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by Dan Rogers - Diamond Lake, Washington - USA

Part One - Part Two - Part Three

The day the music died.

There are lots of things better discovered in your own driveway.  A couple of those popped up today, and were pretty big game changers, I’m afraid.

First off.  It was supposed to be a pretty straightforward task.  Pull trailer wheels, pull hubs and brake drums, replace brake backing plates with electric units, reassemble.  The biggest deal was supposed to be the trip to The Big City for parts.  Well, when this:

Starts looking like this, up close:

Things stop being simple.  Somehow about $100 became over five times that much in about two seconds of inspection.  The whole axle needs to be replaced, along with bearings, brakes.  The works.  There’s even a press-fit bearing race that has to be frozen into place.  Well, what else can go wrong?

I was still figuring that I’d figure it out.  Somehow.  This sharing among the girls had gotten pretty far out with tires and stuff like that.  Now, I was gonna’ have to swap trailers.  Not a real big deal.  I’ve done it a bunch of times.  Well, maybe, before I do that, it would make sense to make sure everything else is gonna’ work out.  Maybe?

So, running down the check list, I figured it would be a good idea to run both motors for a while. Just in case.

And, in keeping with the situation, you’ll probably guess.  Yep.  Old Faithful chose that particular moment to both blow his water pump to smithereens, but also blew the 2-stroke outboard equivalent of the rear main seal on a car.  Neat, huh?

Sooooooo, at this point I was beginning to loose interest in continuing with such stuff.  And, since one axle is bad; who knows how many others are, also.  I went over to storage and hooked "Lady Bug" up.  Her trailer axles looked OK, when I pulled the hubs.  So, other than the stuff I haven’t fixed from our collision with a rock pile last November, she’s looking like a good candidate for the cruise.  Other than no roof, no windows, and there’s not much a heater can do in an open cockpit, anyhow.  Other than that.  Oh, yeah.  And the iddy bitty cabin space is about as big as the glove compartment on a Volkswagen.  And, we are talking about taking a several day trip in that little spit kit. With probably crummy weather.   Don’t get me wrong, I don’t completely object to standing with my head out of the hatch to pull my pants up, as well as completing several other “personal” tasks.  But, this is a major comedown from standing headroom, and walkin’ around space.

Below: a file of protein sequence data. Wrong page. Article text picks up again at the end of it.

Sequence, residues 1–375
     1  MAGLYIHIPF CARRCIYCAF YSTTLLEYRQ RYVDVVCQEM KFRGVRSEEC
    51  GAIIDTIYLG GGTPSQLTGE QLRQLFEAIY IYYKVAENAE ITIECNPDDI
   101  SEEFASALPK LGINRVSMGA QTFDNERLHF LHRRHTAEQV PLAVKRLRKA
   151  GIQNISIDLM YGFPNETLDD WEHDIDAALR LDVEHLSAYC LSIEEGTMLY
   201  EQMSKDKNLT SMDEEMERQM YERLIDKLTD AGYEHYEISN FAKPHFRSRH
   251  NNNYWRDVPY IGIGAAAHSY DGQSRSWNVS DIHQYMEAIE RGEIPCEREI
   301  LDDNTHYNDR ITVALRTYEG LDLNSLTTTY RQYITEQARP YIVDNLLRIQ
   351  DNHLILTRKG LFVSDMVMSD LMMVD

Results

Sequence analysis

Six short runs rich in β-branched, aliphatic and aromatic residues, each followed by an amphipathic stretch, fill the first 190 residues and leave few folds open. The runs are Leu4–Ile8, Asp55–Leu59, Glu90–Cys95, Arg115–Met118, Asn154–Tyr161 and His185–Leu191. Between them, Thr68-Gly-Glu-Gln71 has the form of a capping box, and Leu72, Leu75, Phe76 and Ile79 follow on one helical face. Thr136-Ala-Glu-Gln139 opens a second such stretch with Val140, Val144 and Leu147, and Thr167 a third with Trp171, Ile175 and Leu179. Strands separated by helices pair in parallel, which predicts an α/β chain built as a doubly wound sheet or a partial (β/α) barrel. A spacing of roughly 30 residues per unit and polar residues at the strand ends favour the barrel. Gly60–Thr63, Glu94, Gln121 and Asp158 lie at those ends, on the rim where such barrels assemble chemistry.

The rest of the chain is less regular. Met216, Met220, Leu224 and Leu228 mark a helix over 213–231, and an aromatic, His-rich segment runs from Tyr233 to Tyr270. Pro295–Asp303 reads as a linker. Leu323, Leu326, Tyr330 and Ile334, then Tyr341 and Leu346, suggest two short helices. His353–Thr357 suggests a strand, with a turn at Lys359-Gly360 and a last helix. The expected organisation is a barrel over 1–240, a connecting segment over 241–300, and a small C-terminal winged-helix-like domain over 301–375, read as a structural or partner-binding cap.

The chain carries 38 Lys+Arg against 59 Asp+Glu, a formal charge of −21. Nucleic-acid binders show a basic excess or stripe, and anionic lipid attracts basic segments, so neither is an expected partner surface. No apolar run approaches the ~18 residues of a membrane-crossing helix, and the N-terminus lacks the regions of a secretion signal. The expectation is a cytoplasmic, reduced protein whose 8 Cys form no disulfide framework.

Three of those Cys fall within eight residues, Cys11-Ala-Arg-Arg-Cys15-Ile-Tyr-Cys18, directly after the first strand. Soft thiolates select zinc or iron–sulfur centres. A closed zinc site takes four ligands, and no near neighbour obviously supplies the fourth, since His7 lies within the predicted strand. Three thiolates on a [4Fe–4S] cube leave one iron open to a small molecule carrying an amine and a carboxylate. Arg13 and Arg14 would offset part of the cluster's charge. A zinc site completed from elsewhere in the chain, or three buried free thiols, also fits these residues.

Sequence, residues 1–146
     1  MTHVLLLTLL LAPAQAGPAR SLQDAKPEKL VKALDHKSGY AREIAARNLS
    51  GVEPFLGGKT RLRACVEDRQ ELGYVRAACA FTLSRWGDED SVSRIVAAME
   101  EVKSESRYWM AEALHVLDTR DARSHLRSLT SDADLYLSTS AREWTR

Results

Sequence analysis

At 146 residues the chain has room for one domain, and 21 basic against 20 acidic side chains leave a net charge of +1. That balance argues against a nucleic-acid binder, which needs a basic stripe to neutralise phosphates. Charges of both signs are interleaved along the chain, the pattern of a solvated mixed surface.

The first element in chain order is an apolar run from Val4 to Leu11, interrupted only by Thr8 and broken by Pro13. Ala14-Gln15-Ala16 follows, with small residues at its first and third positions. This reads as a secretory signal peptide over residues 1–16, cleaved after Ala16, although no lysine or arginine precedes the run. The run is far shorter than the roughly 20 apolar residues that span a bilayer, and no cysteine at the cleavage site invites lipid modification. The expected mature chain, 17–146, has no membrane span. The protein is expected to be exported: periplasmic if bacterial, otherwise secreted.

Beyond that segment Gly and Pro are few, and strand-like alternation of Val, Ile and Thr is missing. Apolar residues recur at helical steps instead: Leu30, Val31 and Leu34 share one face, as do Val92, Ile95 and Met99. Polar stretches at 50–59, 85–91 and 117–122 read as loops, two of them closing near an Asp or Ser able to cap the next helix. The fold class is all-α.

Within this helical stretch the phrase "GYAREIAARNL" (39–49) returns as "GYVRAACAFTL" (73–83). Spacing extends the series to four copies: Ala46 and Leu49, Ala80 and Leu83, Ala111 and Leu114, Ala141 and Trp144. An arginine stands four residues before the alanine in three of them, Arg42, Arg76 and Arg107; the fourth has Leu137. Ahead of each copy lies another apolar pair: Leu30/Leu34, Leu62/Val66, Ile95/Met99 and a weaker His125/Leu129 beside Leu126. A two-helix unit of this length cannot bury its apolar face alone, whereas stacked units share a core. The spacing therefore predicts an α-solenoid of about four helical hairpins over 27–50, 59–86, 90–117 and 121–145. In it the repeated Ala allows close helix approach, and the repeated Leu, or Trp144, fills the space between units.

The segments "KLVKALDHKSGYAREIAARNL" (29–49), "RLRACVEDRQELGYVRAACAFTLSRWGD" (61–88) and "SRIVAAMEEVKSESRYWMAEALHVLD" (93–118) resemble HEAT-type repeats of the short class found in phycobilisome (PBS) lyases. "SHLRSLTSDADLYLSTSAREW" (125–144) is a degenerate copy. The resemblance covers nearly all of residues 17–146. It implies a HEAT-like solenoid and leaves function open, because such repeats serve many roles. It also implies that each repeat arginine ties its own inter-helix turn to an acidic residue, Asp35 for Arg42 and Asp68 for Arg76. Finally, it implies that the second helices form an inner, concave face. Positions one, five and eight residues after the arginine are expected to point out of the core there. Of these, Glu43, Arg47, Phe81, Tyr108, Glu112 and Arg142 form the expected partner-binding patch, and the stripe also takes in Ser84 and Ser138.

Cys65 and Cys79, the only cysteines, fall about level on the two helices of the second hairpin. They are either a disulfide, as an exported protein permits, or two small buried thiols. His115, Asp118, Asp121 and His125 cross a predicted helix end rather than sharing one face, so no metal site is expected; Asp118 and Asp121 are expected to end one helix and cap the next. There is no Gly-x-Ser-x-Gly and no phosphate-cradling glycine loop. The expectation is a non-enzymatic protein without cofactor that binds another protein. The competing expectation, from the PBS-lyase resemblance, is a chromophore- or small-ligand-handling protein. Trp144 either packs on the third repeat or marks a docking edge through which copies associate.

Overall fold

But, wait.  It gets better.

Then, it started to snow.  Pretty hard, in fact.

This boat collection in the driveway was looking like it needed to be someplace else.  “Roughneck” got returned to storage.  And, suddenly, my primary candidate for this Damn-the-drizzle trip was quite significantly sidelined with major injuries.

Within, about the next 30 minutes, visibility had dropped to about 100 feet.

And, now, there’s about 5 inches of the stuff on “Lady Bug’s” deck.

Maybe tomorrow things will improve a bit.  Maybe.  Like, what else can go wrong…??

Comes a time when nothing you plan is gonna’ work out anyway.  And I think I’ve reached that point.  So, I gave up on the master list and started a short one, scribbled on an old gas receipt.  It reads in part:  “Load Lady Bug…go sailing…”

Sometimes, it’s important to remember that “plan” is a four letter word.  And, I take it on good authority that if you want to make God smile, all you gotta’ do is make plans.  Well, that’s about the long and the short of it. 

In my own pointy headed way, I considered the odds.  Made lists of things that for sure needed to be checked, fixed, and outright done over.  I thought about things that I can’t control, like weather and if people would even come to this sort of eccentric event that I was trying to drum up interest in.  So, here I sit rather well chastened. 

If I had left everything to the last minute, to chance, and to dumb luck; I’d be in about the same boat—as it were.

Yep.  Just like old times.  My good old road warrior van, “Big Ole,” will pull good ol’ “Lady Bug” the peripatetic pocket cruiser of a thousand launches and recoveries all over the western half of this country.  “Quiet Quigley, junior,” son of the late QQ, will carry Miss Bug in fine style, I’m quite certain.  We’re all some years older than when we were out travelling all over the place.  We’ve all had injuries, infirmities, and insults heaped upon us.  But, we did it before.  We can do it now. 

And, just as soon as the sun melts this snow off her deck, I’m gonna’ hop up and see just how many year-old PBJ’s are left in the galley locker, what sort of small animals may have taken up residence in the linen locker, and whether that 6-year old deep cycle battery can be convinced to climb down by itself and go into retirement peacefully.  Well, I could always hope.

Time’s a wastin’ and we’ve got work to do.  Plans to make.  Well, let’s just stick with the work part, for now…

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